Yeah definitely. I wrote Best F(r)iends after I saw a rough cut of The Disaster Artist a while back, and it allowed me to see the friendship that Tommy and I have in a very different way. And I get it. He's saying, 'I want to be taken seriously and I want to be an actor, and nobody's giving me a chance.' And it inspired me to write a movie where Tommy can be a character that fits him and people can laugh with him, and not look at him like a joke.

When The Disaster Artist came out an older couple came up to me and said, 'Thank you so much for sticking with your journey and being this man's friend.'

I thought that was really cool, how that friendship touched them, and it means a lot to people. It shows how much support counts when you're trying to embark on a creative life. So yeah, The Room is considered to be the worst movie ever made, but these two guys stuck to it and eventually their movie found an audience, and I think that's something we can all get behind.

And it makes people happy.

Yeah, and at the end of the day when you sit down to make something, that's what you're going for. People ask, 'Oh, would you go back and not be in this bad movie?' but I see a much bigger picture than that. The Room has taught me so much and it's brought me so many cool places and its had an impact on people's lives. And when you set out to make anything that's kind of what you hope for. Ideally it's a Back to the Future or an Inception, but at the end of the day, whatever works you have to appreciate.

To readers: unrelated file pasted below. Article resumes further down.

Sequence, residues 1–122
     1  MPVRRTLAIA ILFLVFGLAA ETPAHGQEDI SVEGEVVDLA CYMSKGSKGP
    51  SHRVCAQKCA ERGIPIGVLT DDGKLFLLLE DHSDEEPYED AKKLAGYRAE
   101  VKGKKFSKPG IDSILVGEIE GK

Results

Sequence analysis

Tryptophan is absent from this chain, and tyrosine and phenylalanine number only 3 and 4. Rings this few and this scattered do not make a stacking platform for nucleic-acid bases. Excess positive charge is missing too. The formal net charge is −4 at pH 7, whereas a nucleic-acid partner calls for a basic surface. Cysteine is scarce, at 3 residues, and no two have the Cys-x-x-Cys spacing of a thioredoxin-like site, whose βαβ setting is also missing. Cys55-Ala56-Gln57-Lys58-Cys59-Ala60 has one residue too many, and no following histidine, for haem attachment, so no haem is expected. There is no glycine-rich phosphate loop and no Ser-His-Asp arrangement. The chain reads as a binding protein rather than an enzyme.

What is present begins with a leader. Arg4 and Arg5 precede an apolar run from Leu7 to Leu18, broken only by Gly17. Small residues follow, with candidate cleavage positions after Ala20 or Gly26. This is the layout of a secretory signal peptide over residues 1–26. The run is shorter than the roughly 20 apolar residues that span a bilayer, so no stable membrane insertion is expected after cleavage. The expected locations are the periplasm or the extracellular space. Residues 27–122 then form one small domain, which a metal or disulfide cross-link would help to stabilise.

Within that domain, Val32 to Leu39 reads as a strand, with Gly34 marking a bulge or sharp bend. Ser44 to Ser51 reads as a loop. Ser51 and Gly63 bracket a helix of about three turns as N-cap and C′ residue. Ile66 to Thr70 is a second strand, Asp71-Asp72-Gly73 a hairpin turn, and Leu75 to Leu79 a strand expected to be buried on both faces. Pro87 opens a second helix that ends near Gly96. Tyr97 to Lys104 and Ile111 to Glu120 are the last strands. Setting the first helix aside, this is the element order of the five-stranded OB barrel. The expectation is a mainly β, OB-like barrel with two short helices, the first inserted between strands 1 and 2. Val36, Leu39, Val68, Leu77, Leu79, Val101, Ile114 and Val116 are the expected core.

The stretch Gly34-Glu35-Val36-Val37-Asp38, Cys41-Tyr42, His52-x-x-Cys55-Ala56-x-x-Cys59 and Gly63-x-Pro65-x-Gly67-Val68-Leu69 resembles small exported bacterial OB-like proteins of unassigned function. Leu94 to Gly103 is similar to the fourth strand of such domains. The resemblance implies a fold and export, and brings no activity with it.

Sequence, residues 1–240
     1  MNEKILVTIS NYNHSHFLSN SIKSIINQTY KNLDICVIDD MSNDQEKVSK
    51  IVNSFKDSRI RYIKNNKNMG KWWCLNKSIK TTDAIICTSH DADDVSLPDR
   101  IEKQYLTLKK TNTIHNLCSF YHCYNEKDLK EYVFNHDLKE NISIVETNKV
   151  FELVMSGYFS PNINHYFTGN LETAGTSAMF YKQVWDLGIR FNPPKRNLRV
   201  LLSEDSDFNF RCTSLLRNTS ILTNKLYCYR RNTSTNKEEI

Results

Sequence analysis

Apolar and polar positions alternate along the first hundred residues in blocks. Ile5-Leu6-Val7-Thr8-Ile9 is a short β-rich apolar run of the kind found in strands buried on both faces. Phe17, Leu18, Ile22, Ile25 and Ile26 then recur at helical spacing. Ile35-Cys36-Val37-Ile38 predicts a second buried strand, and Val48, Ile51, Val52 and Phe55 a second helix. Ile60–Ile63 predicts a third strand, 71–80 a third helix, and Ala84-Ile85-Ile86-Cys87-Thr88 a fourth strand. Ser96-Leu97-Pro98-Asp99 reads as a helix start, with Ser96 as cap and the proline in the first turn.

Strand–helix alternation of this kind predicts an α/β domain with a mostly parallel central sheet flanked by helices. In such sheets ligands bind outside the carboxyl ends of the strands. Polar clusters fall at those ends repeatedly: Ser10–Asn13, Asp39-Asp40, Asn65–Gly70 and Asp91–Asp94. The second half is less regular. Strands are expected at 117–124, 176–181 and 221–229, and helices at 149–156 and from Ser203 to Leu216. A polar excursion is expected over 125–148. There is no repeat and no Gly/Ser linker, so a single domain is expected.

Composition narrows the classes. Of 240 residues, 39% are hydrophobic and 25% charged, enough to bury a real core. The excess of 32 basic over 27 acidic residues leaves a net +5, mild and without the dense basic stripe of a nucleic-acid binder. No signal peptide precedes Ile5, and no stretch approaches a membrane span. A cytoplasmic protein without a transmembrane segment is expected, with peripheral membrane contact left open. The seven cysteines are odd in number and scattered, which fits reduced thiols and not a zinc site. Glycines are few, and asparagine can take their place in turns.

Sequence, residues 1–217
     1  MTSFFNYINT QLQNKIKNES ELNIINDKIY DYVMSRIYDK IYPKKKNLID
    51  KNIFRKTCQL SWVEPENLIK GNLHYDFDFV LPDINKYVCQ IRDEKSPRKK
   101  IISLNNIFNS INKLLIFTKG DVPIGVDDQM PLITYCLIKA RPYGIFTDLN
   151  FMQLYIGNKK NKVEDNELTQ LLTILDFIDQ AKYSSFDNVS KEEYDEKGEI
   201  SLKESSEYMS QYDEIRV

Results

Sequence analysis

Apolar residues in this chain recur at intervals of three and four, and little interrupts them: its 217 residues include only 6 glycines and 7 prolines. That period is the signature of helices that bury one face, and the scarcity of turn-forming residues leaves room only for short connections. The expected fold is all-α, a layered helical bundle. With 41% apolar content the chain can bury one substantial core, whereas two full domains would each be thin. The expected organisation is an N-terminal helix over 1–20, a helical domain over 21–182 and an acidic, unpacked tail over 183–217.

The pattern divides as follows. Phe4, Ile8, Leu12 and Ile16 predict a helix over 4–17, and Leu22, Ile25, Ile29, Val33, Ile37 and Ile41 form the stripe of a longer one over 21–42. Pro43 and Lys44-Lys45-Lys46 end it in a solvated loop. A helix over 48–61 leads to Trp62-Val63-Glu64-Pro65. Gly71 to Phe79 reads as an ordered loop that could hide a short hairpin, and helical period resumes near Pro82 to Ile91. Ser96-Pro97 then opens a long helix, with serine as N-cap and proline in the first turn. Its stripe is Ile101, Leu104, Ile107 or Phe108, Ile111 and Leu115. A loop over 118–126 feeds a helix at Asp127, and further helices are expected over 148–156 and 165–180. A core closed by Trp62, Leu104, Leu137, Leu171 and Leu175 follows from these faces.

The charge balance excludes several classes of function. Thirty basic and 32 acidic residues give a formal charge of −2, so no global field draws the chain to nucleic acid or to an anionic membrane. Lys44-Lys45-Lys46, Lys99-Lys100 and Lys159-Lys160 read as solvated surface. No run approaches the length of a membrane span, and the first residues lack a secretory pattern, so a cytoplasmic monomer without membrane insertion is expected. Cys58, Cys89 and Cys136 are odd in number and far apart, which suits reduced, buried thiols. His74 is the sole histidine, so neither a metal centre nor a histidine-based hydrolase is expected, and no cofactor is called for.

Tommy wrote The Room, and you were acting in it, and now the roles have switched. You wrote Best F(r)iends, and he's starring it alongside you. How does that change the vibe?

You know, when I was first writing the book, I realized how fun of a character Tommy was to bring to life. It was very much creating Tommy the person. And then with Best F(r)iends, it was based on our friendship, and he plays a version of himself. A version of himself that he didn't have access to that I did. I think Tommy in the right part can be really captivating, and I saw that the first day I met him in acting class. In The Room you're on Tommy's planet, so you're saying dialogue that you would never say. He can be very funny or interesting if he's not trying to be. So this time around I could give him a tone that he didn't even know he had. This is a chance for him to just be the Tommy that I see, and allow him to shine as the mortician. Which is a role his look lends itself pretty well to. A lot of times he wouldn't even look at the script because what I'd written was just like what he would say.

And this is not a 'bad movie' in the way The Room was. It doesn't fall into that genre.

It's a different scene, and with the Room it's not something you can recapture, because we didn't even know what we were making. And the thing is, I love movies. I love good movies. I loved Nightcrawler, I loved Drive I loved Sunset Boulevard. And I thought that we would go out there and make something that would surprise our audience.

Best F(r)iends Vol. I and Vol. II6 pm Saturday June 22. $13-$15.
Jean Cocteau Cinema, 418 Montezuma Ave., 466-5528; tickets here.